Maintaining your mental health over the holiday season

Be aware of negative feelings that you or loved ones may be experiencing over the Christmas and New Year period. (iStock)

Elle Cecil

As we approach the festive season, many people are looking forward to spending time celebrating with loved ones. However, despite the general sense of Christmas joy and cheer, many people will be facing a very tough time over the holidays. Adding the challenges caused by the pandemic to the equation, and the mental health of many Australians is at risk.

Many Sunbury residents will be feeling vulnerable and facing isolation these holidays due to a variety of reasons. Perhaps they have few friends or family members in the country, are dealing with relationship breakdowns, have been living away from home or have lost and are missing loved ones. Whatever the reason, there are a variety of ways you can combat your own negative feelings over the festive season, or help others that you know may need support.

“We know that loneliness is associated with poorer mental health generally – with the pandemic, loneliness became more common,” says Beyond Blue’s lead clinical adviser, Dr Grant Blashki.

“Society already has such high expectations about what a wonderful time Christmas is going to be…a great time of celebration, but at the same time can make [the pain of] loss of loved ones, or isolation, or relationship breakups more acute.”

Dr Blashki suggests several ways to combat feelings of isolation and loneliness. Beginning with pampering yourself, you can do a few little things to make yourself feel more special over Christmas and the New Year season.

“Make yourself a Christmas package, plan some nice activities, cook up a nice meal, set up your favorite movies or a playlist to listen to, or get a good book,” says Dr Blashki.

“The other thing that’s quite good is if you can get into a good hobby – get involved in a puzzle, fix something, a hobby that you previously engaged in and stopped doing when you were younger.”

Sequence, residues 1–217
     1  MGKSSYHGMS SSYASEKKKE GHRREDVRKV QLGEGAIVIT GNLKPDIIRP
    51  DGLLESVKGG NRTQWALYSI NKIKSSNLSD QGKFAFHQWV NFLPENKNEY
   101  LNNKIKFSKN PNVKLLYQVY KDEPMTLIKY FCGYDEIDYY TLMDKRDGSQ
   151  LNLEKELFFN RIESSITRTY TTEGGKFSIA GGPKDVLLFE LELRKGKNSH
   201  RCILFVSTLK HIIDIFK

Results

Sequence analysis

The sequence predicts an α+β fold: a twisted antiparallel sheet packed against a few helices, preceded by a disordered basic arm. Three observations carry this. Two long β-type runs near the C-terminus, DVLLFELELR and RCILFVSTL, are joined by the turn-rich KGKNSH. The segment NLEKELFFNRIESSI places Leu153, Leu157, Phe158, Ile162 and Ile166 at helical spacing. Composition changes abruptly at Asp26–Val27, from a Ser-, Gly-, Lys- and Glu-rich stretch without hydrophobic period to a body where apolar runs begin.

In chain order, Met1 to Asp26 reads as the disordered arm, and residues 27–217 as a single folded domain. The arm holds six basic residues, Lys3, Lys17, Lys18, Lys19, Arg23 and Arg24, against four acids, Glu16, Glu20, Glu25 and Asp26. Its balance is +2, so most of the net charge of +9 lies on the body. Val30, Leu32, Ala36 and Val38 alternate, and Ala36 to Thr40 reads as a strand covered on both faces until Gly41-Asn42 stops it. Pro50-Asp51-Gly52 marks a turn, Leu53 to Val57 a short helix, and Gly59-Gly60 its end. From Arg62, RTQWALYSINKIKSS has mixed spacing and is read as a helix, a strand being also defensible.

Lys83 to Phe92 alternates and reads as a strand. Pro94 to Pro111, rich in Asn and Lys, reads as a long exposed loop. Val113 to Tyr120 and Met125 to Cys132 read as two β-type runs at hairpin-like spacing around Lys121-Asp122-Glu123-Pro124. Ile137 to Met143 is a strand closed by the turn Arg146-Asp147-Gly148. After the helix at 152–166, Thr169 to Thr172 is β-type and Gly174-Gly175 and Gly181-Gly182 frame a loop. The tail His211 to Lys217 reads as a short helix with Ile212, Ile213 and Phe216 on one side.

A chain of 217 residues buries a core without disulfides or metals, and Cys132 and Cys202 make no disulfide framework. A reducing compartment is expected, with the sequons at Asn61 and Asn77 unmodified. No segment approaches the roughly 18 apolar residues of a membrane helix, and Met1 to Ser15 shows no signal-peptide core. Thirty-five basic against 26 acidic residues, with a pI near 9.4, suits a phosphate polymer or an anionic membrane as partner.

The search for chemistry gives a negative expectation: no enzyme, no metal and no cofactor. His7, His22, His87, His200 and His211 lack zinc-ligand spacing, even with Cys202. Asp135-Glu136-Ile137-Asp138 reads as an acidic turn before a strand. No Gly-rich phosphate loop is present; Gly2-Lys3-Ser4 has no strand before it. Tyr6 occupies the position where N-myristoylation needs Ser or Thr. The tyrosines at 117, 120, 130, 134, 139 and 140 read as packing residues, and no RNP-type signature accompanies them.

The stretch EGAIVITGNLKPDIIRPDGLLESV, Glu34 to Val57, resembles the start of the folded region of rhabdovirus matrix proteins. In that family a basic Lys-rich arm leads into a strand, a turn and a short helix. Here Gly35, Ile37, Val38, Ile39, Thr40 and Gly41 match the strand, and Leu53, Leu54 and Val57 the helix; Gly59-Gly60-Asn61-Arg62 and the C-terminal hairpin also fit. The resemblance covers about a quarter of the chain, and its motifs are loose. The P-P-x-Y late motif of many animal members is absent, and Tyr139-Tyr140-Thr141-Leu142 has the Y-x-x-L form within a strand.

Another way to combat negative feelings is to get involved with your community over the holidays. Not only are you spending your time doing something wholesome and productive, but you’re making other people’s holidays brighter and happier with your actions.

“A lot of charities are looking out for people to help and volunteer, and that can be really lovely because you’re helping other people, but it can also be great for you because you’ve got company and you feel like you’re part of something compassionate in the community,” Dr Blashki explains.

It’s also easy to slip into a pattern of negative, self-blaming thoughts. Dr Blashki suggests that if you can, you try to frame your thoughts in a more positive way by focusing on the things that you do have, rather than those that you don’t have.

“If you like mindfulness and focusing on appreciation, think of your health and the fact that we live in a beautiful country,” he says.

If you aren’t struggling with negative emotions and thoughts this festive season, it may be beneficial to reach out to people that you know might be having difficulty. Whether it’s someone who has lost a loved one, is away from their family and friends or has experienced the breakdown of a relationship, you can embody the festive cheer and spread the love with others these holidays.

“Have a bit of a think about your networks and someone you think that could join you,” Dr Blashki suggests.

“It increases the fun, and it’s also a nice good deed and will make it special for someone.”

Beyond Blue has a Coronavirus Mental Wellbeing Support Service available on 1800 512 348, as well as the regular phone line on 1300 224 636.

Dr Blashki also suggests Beyond Blue Forums for people who may not feel up to speaking on the phone.

“It’s a moderated forum – there’s no trolling or bullying, you don’t put your name in, but actually if you’re having mental health issues and you want to see how other people are dealing with things or have a chat to people,” explains Dr Blashki.

“There’s a lot of people that actually feel a little bit more comfortable with typing – if you’re a bit socially anxious, it’s really good because it’s actually anonymous.”

Speak to your GP or health professional if you need help, or utilise 24/7 support services. Visit Beyond Blue online at If you or someone else are in immediate danger, phone 000.